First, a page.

What Does It All Mean?

Jessica Todd Harper recently asked me one of the best questions someone has asked me regarding art and photography. Jessica was preparing for a lecture at the International Center of Photography that evening and emailed:

It’s funny- every time I talk about my own pictures I am haunted by the feeling that I’m making it all up. I am constantly frustrated by how little I understand, in a rational sense, the artistic process. I mean, I have lots of theories, but at the end of the day, it’s such a mystery why I am compelled to make what I do. Do you ever feel this way? Your work fits so beautifully into the greater conversations we are all having about consumerism and what public spaces look like now. And your pictures make elegant illustrations within that greater discussion, but that is just the intellectual part. Do you think making pictures is an intellectual exercise? When I think of how I feel when I am taking pictures, I am not aware at all of my brain working. And if I do become too aware it seems to ruin the “mood”.

Thinking about this makes my head hurt. Aside from the issue of the content of the pictures, why would one choose to do such a thing with their life? It’s certainly not easy, lucrative or even normal.
In graduate school I had this amazing class in which we looked at the history of photography this way. Trying to analyze why a person takes up such a project, what the project might be and was it successful. We came to understand that most art is created through a combination of mission (an attempt to do, say or affect something) and therapy (to find some kind of deeper understanding of self through the creative process). I often see younger students making work that is much more therapeutic (and in most cases not aware of the fact). The work is a way of reconciling, finding a sense of self, or dealing with past demons. This process can be at best healthy, at worst it can project this stuff towards others. In fact looking back at history there are so many great examples of work done in this way, the most celebrated being Van Gogh, but for instance even the Steiglitz portraits of Georgia O’Keefe seem to hit this note of trying to understand something through photographing it, (in this case the dynamic relationship btwn. the two).
As for me, early on I fell into this first camp, trying to find out who I was, where I might belong and how I make sense of the world through making pictures of myself and my friends/family. In graduate school I felt that I wanted to address something bigger than my own personal drama but rather the larger human drama. This was coupled with recent political/social events that also made clear that our own lives are a small bit of the whole. But again I wonder does it satisfy my self of self, quell anxieties by giving me purpose?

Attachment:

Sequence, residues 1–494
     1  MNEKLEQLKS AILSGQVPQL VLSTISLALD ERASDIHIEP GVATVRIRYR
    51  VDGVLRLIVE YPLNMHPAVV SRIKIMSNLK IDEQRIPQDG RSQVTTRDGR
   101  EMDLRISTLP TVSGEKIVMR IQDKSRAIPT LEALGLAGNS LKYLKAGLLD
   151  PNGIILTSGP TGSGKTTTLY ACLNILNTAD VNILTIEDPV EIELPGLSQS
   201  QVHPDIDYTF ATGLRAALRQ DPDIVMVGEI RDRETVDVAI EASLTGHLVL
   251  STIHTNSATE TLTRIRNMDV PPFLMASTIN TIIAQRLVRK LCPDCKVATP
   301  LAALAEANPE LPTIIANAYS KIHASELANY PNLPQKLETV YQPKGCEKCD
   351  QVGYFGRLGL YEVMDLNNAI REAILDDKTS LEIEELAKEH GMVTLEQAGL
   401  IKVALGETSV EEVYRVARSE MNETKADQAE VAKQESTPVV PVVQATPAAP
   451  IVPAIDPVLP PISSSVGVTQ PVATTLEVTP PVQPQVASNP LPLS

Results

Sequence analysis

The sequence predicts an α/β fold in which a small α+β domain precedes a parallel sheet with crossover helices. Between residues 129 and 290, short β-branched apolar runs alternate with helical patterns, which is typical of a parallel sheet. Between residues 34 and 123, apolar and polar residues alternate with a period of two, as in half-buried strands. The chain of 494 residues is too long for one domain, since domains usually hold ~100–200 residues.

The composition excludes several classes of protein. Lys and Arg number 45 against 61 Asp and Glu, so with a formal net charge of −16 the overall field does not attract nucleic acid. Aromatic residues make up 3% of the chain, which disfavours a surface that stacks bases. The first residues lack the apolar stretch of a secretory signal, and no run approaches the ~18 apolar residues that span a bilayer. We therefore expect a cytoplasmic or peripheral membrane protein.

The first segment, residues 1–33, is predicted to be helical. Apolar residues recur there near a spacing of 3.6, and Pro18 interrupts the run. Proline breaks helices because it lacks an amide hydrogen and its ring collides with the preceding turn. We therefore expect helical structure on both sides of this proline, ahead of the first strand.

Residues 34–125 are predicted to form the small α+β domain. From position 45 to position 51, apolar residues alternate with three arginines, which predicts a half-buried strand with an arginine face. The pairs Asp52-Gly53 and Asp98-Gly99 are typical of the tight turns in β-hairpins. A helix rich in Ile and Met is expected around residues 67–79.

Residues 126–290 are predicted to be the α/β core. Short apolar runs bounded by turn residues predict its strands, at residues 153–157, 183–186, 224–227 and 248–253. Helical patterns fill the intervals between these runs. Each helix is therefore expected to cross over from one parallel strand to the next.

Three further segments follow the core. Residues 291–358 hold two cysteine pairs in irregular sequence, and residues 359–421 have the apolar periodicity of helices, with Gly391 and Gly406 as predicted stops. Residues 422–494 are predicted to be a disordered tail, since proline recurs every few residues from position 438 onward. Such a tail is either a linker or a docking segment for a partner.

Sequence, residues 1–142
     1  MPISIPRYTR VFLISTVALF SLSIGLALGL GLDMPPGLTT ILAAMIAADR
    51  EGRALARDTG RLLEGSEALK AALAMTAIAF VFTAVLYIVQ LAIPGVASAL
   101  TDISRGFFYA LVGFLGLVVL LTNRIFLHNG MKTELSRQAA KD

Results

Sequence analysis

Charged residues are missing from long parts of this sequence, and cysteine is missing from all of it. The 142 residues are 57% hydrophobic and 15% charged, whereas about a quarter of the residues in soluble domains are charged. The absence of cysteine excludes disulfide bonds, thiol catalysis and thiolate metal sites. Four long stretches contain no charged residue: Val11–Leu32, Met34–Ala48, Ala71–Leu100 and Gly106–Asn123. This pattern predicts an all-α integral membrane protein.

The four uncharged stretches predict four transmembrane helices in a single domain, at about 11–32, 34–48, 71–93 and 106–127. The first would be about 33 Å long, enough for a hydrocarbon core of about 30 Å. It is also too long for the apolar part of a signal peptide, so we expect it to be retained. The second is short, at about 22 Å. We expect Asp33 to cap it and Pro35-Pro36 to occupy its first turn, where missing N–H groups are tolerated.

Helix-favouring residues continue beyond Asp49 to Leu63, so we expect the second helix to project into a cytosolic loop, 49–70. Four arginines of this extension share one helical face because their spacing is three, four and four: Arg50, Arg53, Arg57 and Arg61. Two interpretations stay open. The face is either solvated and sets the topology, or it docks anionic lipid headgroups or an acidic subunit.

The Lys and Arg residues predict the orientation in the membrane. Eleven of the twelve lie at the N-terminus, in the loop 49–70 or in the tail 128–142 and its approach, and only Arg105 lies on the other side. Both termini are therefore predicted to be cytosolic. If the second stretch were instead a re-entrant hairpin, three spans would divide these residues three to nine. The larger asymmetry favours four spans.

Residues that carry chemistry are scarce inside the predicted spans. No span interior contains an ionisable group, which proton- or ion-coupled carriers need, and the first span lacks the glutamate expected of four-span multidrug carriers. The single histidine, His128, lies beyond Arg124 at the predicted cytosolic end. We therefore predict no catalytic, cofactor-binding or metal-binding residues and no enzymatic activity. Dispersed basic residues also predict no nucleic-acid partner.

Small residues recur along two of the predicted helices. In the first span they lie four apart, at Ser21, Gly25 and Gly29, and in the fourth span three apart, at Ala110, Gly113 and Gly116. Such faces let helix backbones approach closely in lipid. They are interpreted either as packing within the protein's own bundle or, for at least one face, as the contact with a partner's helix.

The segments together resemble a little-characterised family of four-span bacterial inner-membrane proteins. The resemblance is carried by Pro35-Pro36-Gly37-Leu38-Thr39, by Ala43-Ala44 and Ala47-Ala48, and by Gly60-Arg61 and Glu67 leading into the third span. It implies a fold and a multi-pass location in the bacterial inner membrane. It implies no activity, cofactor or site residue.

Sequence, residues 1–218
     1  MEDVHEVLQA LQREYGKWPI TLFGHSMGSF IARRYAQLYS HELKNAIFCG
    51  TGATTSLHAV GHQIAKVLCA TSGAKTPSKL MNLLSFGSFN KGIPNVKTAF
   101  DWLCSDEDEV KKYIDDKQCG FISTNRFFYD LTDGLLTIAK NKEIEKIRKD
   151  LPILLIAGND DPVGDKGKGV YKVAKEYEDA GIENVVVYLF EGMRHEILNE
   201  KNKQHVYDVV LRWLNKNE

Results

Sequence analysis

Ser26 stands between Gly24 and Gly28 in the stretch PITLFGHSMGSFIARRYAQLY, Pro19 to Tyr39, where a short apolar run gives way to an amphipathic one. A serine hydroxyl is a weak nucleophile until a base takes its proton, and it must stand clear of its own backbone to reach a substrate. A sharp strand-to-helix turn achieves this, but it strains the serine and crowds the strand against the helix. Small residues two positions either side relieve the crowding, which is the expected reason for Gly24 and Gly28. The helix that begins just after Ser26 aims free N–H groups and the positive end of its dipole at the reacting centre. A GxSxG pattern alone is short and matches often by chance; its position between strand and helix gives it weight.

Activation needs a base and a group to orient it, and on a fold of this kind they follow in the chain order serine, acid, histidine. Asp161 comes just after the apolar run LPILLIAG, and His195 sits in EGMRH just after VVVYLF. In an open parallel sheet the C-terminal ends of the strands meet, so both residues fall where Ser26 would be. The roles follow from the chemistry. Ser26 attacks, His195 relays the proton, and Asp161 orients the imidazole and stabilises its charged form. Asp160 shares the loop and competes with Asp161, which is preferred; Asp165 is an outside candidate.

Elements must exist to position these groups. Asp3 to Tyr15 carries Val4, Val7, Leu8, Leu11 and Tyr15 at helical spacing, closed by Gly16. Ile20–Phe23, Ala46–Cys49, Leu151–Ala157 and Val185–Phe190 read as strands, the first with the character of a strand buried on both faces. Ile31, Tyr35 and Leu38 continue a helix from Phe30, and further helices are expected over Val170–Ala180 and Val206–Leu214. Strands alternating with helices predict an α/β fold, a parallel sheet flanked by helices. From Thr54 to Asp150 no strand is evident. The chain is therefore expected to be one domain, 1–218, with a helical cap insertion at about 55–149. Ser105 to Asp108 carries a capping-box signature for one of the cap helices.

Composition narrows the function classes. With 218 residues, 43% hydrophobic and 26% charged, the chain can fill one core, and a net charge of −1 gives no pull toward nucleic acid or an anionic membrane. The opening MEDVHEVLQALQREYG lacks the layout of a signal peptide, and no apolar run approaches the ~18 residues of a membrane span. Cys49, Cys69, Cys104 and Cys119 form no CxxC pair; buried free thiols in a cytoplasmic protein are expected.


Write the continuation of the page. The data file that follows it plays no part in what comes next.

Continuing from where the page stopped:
I watched the movie Kinsey last night and thought of this very thing. What makes a person take it upon themselves to engage in such a huge project? To educate masses of people on fundamental truths regarding sexuality. Yes, the project defines the authors self but I might argue that if that were the case once the project reached any kind of notoriety the author would feel complete and the project would end.
From our earliest days we can recognize shapes, humans begin to investigate, we’re curious about ourselves, the world and each other. Maybe it’s a simply a more existentialist investigation.
I love asking myself this big question simply because it can never be answered.

note: post title borrowed from Jon Gitelson


  1. Posted November 27, 2006 at 11:59 pm | Permalink

    kinda on point:

    when i am teaching photography i try to remind students that although fstops, exposure, composition, color theory, the limits of the frame, (and on and on) can get overwhelming, to trust their gut and instinct when shooting…it is in editing where we not only edit for compelling images,but where intellectual strides happen…where strong GRoups of images come together and drive meaning forward

  2. Posted November 28, 2006 at 9:53 am | Permalink

    I’m with you on this, Brian. I think about it EVERYDAY and it’s a killer.

  3. Posted December 1, 2006 at 4:38 am | Permalink

    I think Jason hits the nailon the head “it is in editing where we not only edit for compelling images,but where intellectual strides happen…where strong GRoups of images come together and drive meaning forward”

    For me I have found sharing my images more widely on line has helped inform me about the external work – the user facing expiernece in ways that a hundred gallery shows could not.

  4. Posted December 9, 2006 at 2:15 pm | Permalink

    Ha, this is a great dilemma.
    Recently, I was photographing late at night and it was roughly 19 degrees, so there I sit out in the middle of a dark cornfield waiting for the sun to come up, freezing, drinking coffee like its my job, and I start thinking this exact same thing. What the hell am I doing out here? Is this at all normal? Why wouldn’t this be considered normal? Is this an indulgent act? Is this therapy? Will doing this expand my thoughts to a broader horizon? Affect someone else life? Is that truly what I am hoping to accomplish? Will this fulfill me? Is it supposed to?

    …I often wonder this as well.
    When you speak about separating the two, making art for oneself, and making art to educate? I feel that most of the time doing one often leads to another. Many artists find comfort in making work from a first person point of view, because its what they know best, yet when the work is out there, no matter how it was made the viewer determines the affects, whether it educates them, relates to their life, or simply doesn’t speak their language.

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